Diligwa Village gets new arbors while site closed
Diligwa Villager Steve Daugherty finishes the roof of an arbor in the Diligwa Village at the Cherokee Heritage Center in Park Hill. The arbors will be used to shelter staff and visitors from the sun and rain in the village, which is a popular attraction in the spring and summer. ROGER GRAHAM/CHEROKEE PHOENIX
Cherokee Heritage Center Maintenance Supervisor Charles Foster, left, Diligwa Villager Steve Daugherty, CHC Special Projects Manager Ken Foster and Diligwa Villager Danny McCarter work on placing posts for new arbors in the Diligwa Village at the CHC in Park Hill. WILL CHAVEZ/CHEROKEE PHOENIX
Cherokee Heritage Center Maintenance Supervisor Charles Foster, center, uses a level on a post for a new arbor being built at the Diligwa Village. Diligwa Villager Steve Daugherty, right, Danny McCarter, left, and Tim Grayson, digging a posthole, assisted Foster. WILL CHAVEZ/CHEROKEE PHOENIX
The Diligwa Village is a popular attraction at the Cherokee Heritage Center in Park Hill. It opened in July 2013 and is a living exhibit set in 1710 that provides guests with an enhanced experience of authentic Cherokee life and history. WILL CHAVEZ/CHEROKEE PHOENIX
PARK HILL – The Diligwa Village has been a popular attraction at the Cherokee Heritage Center for nearly six years. Opened in July 2013, the village is an outdoor living exhibit set in 1710 that provides guests with an enhanced experience of authentic Cherokee life and history. The first two weeks of the year the village was closed to allow workers to work on structures and add new ones.
“Right now we’re closed. We’re always closed the first two weeks of the year,” Diligwa Villager Danny McCarter. “Right now we’re putting up arbors. During those two weeks that we are closed this is the stuff we do, things we can’t do during the spring and summer.”
He said the arbors would shelter staff and visitors from the sun and rain in the village.
“According to Henry Timberlake (a British officer who lived with the Cherokee), there were arbors in front of the buildings, between the buildings. Traditionally, (Cherokee) houses weren’t built side by side. They were built right across from each other and in between there would be an arbor,” he said.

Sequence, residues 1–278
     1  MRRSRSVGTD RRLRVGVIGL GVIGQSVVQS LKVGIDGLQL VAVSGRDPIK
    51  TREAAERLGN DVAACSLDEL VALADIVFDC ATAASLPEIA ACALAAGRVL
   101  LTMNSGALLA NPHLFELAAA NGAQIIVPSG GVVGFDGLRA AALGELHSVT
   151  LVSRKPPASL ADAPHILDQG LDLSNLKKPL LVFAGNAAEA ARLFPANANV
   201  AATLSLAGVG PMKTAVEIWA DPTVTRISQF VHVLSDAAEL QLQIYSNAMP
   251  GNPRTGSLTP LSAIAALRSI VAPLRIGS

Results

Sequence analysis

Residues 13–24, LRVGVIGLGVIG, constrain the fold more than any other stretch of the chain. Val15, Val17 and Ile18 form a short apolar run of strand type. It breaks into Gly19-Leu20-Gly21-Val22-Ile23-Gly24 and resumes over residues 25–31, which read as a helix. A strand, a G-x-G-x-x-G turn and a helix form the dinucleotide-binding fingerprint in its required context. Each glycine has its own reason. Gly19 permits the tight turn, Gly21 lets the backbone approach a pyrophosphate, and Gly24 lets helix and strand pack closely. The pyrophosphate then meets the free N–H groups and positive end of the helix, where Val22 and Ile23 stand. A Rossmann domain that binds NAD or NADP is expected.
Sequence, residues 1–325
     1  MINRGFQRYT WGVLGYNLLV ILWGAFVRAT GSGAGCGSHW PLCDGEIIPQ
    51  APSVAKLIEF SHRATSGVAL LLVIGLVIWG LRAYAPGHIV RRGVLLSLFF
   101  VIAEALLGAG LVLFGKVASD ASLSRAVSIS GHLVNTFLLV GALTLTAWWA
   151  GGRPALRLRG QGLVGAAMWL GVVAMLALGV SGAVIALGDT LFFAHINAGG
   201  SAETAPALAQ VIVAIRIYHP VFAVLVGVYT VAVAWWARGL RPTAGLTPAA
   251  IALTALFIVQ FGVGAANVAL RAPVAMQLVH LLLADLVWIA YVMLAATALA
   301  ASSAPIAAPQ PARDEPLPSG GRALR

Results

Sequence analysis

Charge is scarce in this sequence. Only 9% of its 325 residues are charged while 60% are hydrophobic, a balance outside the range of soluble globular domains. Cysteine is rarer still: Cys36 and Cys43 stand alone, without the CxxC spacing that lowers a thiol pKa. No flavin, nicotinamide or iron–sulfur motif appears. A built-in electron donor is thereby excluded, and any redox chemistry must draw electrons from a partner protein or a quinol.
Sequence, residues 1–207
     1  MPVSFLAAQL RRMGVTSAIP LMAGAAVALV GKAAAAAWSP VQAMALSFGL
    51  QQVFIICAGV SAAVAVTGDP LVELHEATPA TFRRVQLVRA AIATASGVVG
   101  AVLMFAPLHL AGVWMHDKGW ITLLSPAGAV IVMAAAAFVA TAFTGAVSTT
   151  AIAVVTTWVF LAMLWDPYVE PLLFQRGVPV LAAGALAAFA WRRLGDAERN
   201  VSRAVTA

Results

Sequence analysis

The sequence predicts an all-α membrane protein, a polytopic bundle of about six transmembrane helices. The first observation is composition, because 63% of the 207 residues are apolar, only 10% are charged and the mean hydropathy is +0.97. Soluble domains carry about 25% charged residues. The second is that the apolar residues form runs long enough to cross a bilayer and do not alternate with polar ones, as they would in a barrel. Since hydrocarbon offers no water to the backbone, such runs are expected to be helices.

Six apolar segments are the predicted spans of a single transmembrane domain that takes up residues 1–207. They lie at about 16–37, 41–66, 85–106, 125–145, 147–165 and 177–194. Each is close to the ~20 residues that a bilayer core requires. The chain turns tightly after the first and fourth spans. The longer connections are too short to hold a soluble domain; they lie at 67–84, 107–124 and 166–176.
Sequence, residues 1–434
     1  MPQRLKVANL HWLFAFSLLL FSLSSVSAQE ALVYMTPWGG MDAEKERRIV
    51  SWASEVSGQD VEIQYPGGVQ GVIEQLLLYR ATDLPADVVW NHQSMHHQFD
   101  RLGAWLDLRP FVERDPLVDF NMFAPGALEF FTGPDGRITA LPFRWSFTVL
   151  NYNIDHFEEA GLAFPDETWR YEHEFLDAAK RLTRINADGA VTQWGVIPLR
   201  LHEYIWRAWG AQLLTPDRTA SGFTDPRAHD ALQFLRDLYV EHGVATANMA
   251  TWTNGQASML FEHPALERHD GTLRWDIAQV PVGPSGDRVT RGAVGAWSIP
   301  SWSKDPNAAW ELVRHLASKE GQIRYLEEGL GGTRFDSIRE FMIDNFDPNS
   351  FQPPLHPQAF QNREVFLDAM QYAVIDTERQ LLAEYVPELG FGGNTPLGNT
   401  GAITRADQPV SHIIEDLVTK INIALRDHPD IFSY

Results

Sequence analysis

Cherokee men and women would do their cooking or work on crafts under the arbors, McCarter added.
CHC Special Projects Manager Ken Foster said he helps with “pretty much everything” at the CHC and helped dig holes for the posts holding up the arbors.
He said he and Diligwa Villager Tim Grayson determined the village needed more permanent arbors because the villagers had to build new arbors about every year and a half.
“We’ve been here five years, so we decided to make something that will last a little longer. We’re going to build five arbors, hopefully, and a corncrib,” Foster said.
When people visit Diligwa Village, they see villagers dressed in buckskin and trade clothing from the early 1700s. Villagers demonstrate how Cherokee people lived by weaving trade cloth, making clay pottery, flint knapping, playing stickball and fashioning and shooting bows and arrows and shooting darts from river cane blowguns.
“It really represents 1708 to 1710. That’s what this village represents,” he said.
Diligwa features 19 wattle and daub structures and 14 interpretive stations. Visitors can witness daily Cherokee life in 1710 as they are guided through the interpretive stations where Cherokee life ways are explained.
The village includes eight residential sites, each with a Cherokee summerhouse and winter house, a corncrib and a kitchen garden. The public complex consists of the primary council house and summer council pavilion overlooking a large plaza that served as the center of community activity.
Diligwa is a name derivative of Tellico, a village in the East that was once the principal Cherokee town and is now underwater. Tellico was the Cherokee Nation capital and center of commerce before the emergence of Echota in Monroe County, Tennessee.
Tellico was often referred to as the “wild rice place” and became synonymous with a native grain that grew in the flat open spaces of east Tennessee. Many believe when the Cherokees first arrived in Indian Territory, the native grasses that grew in the open spaces around the foothills of the Ozarks reminded them of the grassy open areas of Tellico. They called their new home “Di li gwa,” Tah-le-quah or Teh-li-co, “the open place where the grass grows.”
For more information about the CHC, call 918-456-6007 or 1-888-999-6007 or email firstname.lastname@example.org
or visit http://www.CherokeeHeritage.org